Legend in world of self-promotion


Guru considers himself to be a very misunderstood individual. He has been called arrogant when he is merely confident; he has been labelled narcissistic when he is only aesthetically pleasing. Some have even said he is bigoted, when he is simply strongly opinionated.

Others don’t have the luxury of such confusion. Other people are just out of line. On a recent trip to the University of Iowa, Martyn Sloman, training and development adviser at the CIPD, came face-to-face with the man with the longest job title ever. This chap was the ‘Senior HR specialist, Human Resources, Information Systems and Lean’. What on Earth is lean?

But we Brits are safe from such shameless self-promotion, aren’t we? Sadly not. One of Guru’s disciples sent in an excerpt from a CV she received, which is from a man applying for an IT consultant role:

“I am a really clever man with an excellent brain and this is not my opinion (but I agree), this is the opinion of our customers. ‘Man with the Knowledge’ – this is the title from our customers. Sometimes they use higher epithets, but I think this is mostly emotion.”

She called this bloke ‘legendary’. In his own mind maybe…

Staff clamp mania distracts workforce

A couple of weeks ago, Guru bashed out an impromptu business plan for a Staff Clampª (Guru, 9 March), which would ensure that workers stay at their desks for their allotted 8 hours. He had no idea the depth of support this would garner from the HR community.

Paul Holland, from the NHS, pretty much put together an entire marketing strategy:

“This needs to be marketed carefully – extensive use of focus groups have come up with the following slogans:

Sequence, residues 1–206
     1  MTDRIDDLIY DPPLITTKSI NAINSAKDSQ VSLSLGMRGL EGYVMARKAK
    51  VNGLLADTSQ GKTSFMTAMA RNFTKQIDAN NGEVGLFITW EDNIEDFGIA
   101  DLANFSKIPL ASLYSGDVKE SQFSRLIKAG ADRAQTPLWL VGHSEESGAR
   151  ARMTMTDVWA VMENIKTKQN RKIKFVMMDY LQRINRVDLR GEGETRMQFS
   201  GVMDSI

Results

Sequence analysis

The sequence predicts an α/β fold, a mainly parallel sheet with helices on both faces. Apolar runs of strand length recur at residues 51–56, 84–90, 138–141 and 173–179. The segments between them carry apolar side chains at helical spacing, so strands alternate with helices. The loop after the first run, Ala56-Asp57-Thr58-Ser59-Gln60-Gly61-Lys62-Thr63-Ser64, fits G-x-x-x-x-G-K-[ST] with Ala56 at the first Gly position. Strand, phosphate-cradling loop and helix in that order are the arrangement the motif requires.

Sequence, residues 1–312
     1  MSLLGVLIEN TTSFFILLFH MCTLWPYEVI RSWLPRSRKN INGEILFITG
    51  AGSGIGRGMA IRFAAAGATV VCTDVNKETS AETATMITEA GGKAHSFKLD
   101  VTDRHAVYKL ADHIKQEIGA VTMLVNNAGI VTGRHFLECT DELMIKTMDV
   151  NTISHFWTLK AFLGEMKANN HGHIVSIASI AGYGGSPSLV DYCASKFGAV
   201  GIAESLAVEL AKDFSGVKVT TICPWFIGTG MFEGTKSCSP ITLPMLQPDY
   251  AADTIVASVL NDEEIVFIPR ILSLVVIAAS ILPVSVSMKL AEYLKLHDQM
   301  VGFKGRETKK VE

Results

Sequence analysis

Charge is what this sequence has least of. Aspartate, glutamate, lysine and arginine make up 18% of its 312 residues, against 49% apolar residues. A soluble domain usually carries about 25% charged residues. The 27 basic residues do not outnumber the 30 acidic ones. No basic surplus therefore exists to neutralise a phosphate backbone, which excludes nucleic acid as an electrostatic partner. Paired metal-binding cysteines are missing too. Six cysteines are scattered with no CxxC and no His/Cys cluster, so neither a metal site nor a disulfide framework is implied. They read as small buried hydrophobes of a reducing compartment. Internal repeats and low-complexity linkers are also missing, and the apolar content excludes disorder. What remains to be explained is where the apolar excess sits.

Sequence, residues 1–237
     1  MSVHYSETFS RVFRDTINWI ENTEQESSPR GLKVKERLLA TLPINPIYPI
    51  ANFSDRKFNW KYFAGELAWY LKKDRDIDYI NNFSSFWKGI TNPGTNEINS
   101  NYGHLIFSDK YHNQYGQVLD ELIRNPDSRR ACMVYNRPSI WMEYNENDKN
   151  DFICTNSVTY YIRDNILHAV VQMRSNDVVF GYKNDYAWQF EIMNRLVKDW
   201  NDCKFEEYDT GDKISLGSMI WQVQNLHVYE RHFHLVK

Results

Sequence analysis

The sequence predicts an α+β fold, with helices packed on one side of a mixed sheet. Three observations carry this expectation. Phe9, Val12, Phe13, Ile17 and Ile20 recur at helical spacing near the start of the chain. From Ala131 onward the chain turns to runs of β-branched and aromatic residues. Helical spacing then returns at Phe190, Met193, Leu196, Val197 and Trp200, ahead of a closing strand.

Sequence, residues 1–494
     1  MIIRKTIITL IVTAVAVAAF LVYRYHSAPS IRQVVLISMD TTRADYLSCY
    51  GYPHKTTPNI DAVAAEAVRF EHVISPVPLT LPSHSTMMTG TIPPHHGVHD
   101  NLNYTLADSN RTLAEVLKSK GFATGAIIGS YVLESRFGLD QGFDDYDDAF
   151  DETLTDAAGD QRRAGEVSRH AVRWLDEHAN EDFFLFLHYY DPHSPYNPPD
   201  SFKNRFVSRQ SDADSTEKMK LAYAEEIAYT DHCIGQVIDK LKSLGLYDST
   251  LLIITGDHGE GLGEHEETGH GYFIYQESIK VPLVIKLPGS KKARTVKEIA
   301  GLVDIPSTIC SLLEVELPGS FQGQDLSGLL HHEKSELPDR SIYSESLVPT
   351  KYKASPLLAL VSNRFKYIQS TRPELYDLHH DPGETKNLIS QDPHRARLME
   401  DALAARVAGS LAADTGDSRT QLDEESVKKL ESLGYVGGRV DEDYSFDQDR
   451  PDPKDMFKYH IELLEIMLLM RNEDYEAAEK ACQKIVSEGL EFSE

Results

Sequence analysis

‘Increase your fixed assets’

‘Stop your staff making a bolt for the door – lock them to the desk’

‘The future’s bright, the future’s yellow’

‘Clamp down on long lunches’

‘Clamz, Meanz, Outputz’

“When people move desks, you could impose clamp duty, which would vary, according to the size of the desk.”

Unfortunately, Paul has inadvertently discovered the shortcoming of the clamp system. By spending so long thinking this up, he has shown that keeping people at their desks doesn’t mean they will actually do any work.

Oh well, back to the drawing board.

Broadband paranoia keeps us working

Meanwhile, training consultant George Edwards sent the following hypothesis, which seems more at home in the movie, The Matrix:

“In the work-from-home sector, the ‘clamp’ has been in place for some time. It’s called ‘broadband’, and ensures that even loo and coffee breaks are cut to a minimum by the noise of the e-mail pinging.

Who is it from? Is it the boss checking? Is it a dangerous worm? Help, I have to get back to the computer now. Broadband… now tagging is for everyone!”

Just because you’re paranoid, it doesn’t mean they’re not really out to get you…

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